as of 2021, a significant portion of the SNA was comprised of militia forces that lacked the discipline, structure, weapons, and overall capabilities for effective military operations; of the SNA’s approximately 13 brigades, the most effective were assessed to be the US-trained Danab ("Lightning") Advanced Infantry Brigade and those of the Turkish-trained Gorgor ("Eagle") Special Division; in 2020, the Danab Brigade conducted most of the SNA’s offensive operations in Somalia and nearly all counterterrorism operations against the al-Shabaab terrorist group; as of early 2021, it numbered about 1,000 troops with an eventual projected strength of 3,000, while the Gorgor Division was estimated to have 4,500-5,000 trained troops

AMISOM has operated in the country with the approval of the United Nations (UN) since 2007; AMISOM's peacekeeping mission includes assisting Somali forces in providing security for a stable political process, enabling the gradual handing over of security responsibilities from AMISOM to the Somali security forces, and reducing the threat posed by Al-Shabaab and other armed opposition groups; as of 2021, AMISOM had about 20,000 military troops from six African countries deployed in Somalia; in February 2021, the UN Security Council AMISOM renewed AMISOM's mandate until December 2021 (note - in 2017, the Somali Government drafted a Somalia Transition Plan that called for the gradual transfer of security responsibilities from AMISOM to the Somali security forces by 2021)

UN Assistance Mission in Somalia (UNSOM) is mandated by the Security Council to work with the Federal Government of Somalia to support national reconciliation, provide advice on peace-building and state-building, monitor the human rights situation, and help coordinate the efforts of the international community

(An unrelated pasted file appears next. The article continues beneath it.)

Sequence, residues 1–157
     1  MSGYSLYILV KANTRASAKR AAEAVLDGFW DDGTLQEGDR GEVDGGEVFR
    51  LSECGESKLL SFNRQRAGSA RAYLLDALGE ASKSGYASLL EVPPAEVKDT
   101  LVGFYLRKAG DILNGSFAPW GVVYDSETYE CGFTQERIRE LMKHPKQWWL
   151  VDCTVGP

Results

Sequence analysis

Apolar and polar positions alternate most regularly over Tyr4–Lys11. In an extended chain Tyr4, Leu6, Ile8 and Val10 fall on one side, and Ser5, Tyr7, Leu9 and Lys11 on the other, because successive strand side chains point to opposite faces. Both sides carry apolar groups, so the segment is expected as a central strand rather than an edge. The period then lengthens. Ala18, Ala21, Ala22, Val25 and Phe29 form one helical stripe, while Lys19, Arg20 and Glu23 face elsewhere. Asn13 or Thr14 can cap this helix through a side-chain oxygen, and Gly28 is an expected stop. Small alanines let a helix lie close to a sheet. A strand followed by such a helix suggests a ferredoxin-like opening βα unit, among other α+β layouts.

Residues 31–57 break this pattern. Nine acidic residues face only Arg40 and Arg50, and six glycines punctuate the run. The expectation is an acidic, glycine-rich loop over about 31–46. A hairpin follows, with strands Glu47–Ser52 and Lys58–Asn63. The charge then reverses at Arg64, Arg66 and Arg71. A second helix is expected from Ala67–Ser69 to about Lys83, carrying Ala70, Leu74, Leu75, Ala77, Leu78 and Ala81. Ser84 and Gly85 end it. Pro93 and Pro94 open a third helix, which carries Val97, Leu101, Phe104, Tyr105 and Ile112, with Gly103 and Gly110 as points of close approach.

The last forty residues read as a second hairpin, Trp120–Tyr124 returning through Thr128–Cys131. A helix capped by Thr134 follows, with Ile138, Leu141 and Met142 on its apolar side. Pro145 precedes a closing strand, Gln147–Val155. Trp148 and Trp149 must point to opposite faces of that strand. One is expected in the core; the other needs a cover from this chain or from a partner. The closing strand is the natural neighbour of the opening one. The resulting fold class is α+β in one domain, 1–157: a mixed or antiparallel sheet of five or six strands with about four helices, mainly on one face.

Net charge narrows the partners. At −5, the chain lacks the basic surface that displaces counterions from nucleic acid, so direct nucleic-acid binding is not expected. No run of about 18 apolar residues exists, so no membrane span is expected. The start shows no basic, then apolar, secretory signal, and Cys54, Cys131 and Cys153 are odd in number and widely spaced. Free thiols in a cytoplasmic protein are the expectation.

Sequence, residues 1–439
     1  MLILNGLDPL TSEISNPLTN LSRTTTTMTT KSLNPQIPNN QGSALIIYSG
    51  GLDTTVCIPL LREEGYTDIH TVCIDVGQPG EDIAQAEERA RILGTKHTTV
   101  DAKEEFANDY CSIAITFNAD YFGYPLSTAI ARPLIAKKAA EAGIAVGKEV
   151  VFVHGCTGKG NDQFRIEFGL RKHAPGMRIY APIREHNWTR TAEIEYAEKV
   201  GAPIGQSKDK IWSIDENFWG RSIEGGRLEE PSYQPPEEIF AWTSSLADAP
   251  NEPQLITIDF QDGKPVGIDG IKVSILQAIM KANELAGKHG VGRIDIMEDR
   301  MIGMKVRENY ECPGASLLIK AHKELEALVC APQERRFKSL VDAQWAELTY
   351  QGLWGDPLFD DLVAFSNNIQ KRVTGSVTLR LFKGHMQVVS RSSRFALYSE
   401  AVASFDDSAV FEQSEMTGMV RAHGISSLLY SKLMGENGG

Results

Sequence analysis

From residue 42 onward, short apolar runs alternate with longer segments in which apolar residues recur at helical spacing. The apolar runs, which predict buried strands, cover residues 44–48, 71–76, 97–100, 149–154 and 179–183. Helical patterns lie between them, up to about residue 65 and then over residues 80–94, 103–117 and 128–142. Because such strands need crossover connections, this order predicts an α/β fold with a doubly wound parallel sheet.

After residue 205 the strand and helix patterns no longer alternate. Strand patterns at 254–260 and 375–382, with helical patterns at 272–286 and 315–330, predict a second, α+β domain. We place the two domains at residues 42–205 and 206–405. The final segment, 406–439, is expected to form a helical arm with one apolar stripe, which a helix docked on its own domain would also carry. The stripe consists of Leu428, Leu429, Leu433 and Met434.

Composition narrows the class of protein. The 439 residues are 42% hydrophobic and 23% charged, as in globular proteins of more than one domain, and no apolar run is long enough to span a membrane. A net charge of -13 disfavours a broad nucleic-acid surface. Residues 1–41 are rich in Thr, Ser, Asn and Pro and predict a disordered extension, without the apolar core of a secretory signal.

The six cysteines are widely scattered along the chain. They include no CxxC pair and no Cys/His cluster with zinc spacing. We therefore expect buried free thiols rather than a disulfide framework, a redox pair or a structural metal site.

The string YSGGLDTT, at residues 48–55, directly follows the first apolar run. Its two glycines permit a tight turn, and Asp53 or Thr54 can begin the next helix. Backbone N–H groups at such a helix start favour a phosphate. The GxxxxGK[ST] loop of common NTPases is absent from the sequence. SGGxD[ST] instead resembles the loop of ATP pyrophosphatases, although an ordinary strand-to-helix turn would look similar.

the UN Support Office in Somalia (UNSOS) is responsible for providing logistical field support to AMISOM, UNSOM, the Somali National Army, and the Somali Police Force on joint operations with AMISOM

the European Union Training Mission in Somalia (EUTM-S) has operated in the country since 2010; the EUTM provides advice and training to the Somali military; the US and Turkey maintain separate unilateral military training missions in Somalia


Terrorist group(s)

al-Shabaab; Islamic State of Iraq and ash-Sham – Somalia

note: details about the history, aims, leadership, organization, areas of operation, tactics, targets, weapons, size, and sources of support of the group(s) appear(s) in Appendix-T

Transnational Issues

Disputes - international

Ethiopian forces invaded southern Somalia and routed Islamist Courts from Mogadishu in January 2007; "Somaliland" secessionists provide port facilities in Berbera to landlocked Ethiopia and have established commercial ties with other regional states; "Puntland" and "Somaliland" "governments" seek international support in their secessionist aspirations and overlapping border claims; the undemarcated former British administrative line has little meaning as a political separation to rival clans within Ethiopia's Ogaden and southern Somalia's Oromo region; Kenya works hard to prevent the clan and militia fighting in Somalia from spreading south across the border, which has long been open to nomadic pastoralists

Refugees and internally displaced persons

refugees (country of origin): 6,371 (Yemen) (2020)

IDPs: 2.968 million (civil war since 1988, clan-based competition for resources; 2011 famine; insecurity because of fighting between al-Shabaab and the Transitional Federal Government's allied forces) (2020)